But the true wonder of this cassette is the embryonic versions of songs that would appear on albums recorded years later — as well as antecedents, lyrically and musically, to songs we’ve only just released only recently! Taken together with the central songs to our first years as a little band that denied it was a band, Perry’s Demos is not only an irreplaceable artifact of THe Sharp Things’ earliest years, but also a glimpse into Perry’s creative process: the gradual accumulation of ideas that emerge in their own time, or not at all.

Here it is, track by track:

Honestly, this one is kind of a mess, LOL! But remember: it’s just a demo, for the band to learn. Which we did. Fairly sure this was in the set at some point. Hang in there, and note the signature Serpa song structure.

This song’s been lurking in the shadows forever. Similar in sentiment to “Boys Club,” it was in the early sets. Synth string arrangements, which we at that time could not pull off live, foretell the future. Sounds like Steve on the drums. Where was this recorded?

Effington Regrets
Another foundational track, and a personal favorite from those years. Perry, Steve, and I did this one in 2007 to celebrate our 10th anniversary at Pete’s Candy Store in Brooklyn. Hardly anyone came, and I lost my E-bow, but it was a good night.

Mrs. Mesch
Every Sharp Things epoch has an epic. In the immediate post-9/11 period, it was “Vacationing”; today it’s the medley at the heart of EverybodyEverybody. “Mrs. Mesch” started it all. Dig the flutes!

Missing The Days
What can I say? We closed with this countless times, to the point where I couldn’t stand it. But Steve always loved it, and I’ll admit, it was a reliably killer closer! I bet we never play it again, now. Fuck.

She Left With The Sun
An enduringly popular track from 2005’s Foxes & Hounds in it’s earliest form, with horn samples taking the string parts, and my guitar line yet unborn.

The Valley Of The Dolls
I think this made it into the set. Might be the only recording of it. “It’s a shame.”

You’re Losing Me
This song is so central to TST history, it’s beyond belief it was never properly recorded and released. An early expression of Perry’s Dylan influence. Motherfuck.

A highlight of our 2003 debut LP, in demo form. Not too different from the released version.

So strange to hear these two songs segued. “Lament” is similar to the Here Comes original, then there’s this odd little stompy beat, followed by a big synth swell, and then we’re dropped into a lovely demo of “Right.” Just weird to me.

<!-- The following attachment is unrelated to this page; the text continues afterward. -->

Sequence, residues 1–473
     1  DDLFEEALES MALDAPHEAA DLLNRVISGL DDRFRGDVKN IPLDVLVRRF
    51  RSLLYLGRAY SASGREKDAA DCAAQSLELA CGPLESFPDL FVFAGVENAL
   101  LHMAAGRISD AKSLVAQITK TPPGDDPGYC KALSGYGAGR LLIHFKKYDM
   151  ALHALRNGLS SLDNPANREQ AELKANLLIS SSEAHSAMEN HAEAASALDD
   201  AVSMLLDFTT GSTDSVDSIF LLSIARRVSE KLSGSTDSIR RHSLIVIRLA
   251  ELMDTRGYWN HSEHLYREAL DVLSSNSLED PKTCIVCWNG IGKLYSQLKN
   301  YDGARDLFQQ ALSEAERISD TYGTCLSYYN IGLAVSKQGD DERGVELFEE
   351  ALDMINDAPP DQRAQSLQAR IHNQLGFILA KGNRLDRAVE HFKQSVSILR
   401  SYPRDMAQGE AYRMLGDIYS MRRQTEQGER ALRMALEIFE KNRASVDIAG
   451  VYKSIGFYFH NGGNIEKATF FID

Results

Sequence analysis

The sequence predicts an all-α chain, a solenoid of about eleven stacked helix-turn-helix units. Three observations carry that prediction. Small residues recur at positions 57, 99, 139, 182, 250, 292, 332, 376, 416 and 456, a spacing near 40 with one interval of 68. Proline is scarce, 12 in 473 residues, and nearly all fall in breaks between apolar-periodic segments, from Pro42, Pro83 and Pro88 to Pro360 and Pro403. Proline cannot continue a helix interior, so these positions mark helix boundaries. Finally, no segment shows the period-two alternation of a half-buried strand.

Mind, blown, again: Here is the verse of “Sport’s Drinking Again” from the new album, recorded nearly 20 years ago. The verse lyrics are different, but the melody’s intact. The “everything must change” chorus is in the wilderness for now.

Television Haze
Surreal! The hooky horn break from “Flowers For My Girl” (released about 15 years later on Green Is Good), appears stitched onto a different, forgotten song.

Home Is Where You Hang Your Head
Insane! The chorus of Foxes & Hounds‘ “95 St Mark’s Place” is the verse here. The title reappears in the lyrics to “Lights,” my co-write with Perry on Green.

Gospel interlude: “Love Is The Greatest Flame”

Feed For Fate
A sweet, forgotten little song. We never performed this, as far as I remember.

Danny Valentine Says
We played this one a lot in the waning days of the 20th century. Not far from what it was live.

Oh, Emily
A favorite of mine from the early sets. So nice to hear it again.

Exit: Christian radio

Lifehouse: S/T, 3 songs, 1990

Lifehouse: S/T, 3 songs, 1990

Tony Taylor: Guitar
Perry Serpa: Vocals
Ron Rossnick: Bass
Steve Gonzalez: Drums

Produced by Jim Sabella at Sabella Recording Studios
Engineered by Chris Albert

Tempered And Tortured
Goodbye, Superman

Long before The Sharp Things strings and glockenspiels, Perry Serpa was a long-haired, leaping gnome, fronting a Queens-based melodic hard-rock band named Lifehouse. (The name was taken from an unfinished Pete Townshend rock opera; many years later another band would do much better with it.) Serpa’s powerful pipes are instantly recognizable, as are his gift for melody and inventive lyrics, most vividly demonstrated on the indelible “Trevor.” Props also to guitarist Tony Taylor, who turns in a stellar performance, and to the solid, heavy groove of Ron Rossnick on bass. The late Steve Gonzalez kicks off this excellent tape, and is a dominant presence throughout. I wish he was still around to hear this one more time.